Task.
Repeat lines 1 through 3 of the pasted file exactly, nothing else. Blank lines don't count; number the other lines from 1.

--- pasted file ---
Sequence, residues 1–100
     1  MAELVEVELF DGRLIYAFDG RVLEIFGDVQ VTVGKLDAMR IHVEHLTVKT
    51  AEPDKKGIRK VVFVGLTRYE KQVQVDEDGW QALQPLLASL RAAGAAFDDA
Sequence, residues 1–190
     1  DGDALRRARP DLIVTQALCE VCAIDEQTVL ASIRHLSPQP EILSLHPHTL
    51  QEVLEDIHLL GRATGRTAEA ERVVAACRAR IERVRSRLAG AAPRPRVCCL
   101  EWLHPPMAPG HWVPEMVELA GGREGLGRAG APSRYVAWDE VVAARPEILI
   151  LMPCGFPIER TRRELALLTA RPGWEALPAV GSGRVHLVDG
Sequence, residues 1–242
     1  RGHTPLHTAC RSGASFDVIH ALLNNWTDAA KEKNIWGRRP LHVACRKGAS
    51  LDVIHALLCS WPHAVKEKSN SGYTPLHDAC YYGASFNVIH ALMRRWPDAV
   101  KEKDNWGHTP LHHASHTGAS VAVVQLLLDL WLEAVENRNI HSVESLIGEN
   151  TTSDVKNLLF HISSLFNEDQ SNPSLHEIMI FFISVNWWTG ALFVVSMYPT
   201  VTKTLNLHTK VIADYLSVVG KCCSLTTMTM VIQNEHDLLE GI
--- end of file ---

Sequence, residues 1–100
     1  MAELVEVELF DGRLIYAFDG RVLEIFGDVQ VTVGKLDAMR IHVEHLTVKT
    51  AEPDKKGIRK VVFVGLTRYE KQVQVDEDGW QALQPLLASL RAAGAAFDDA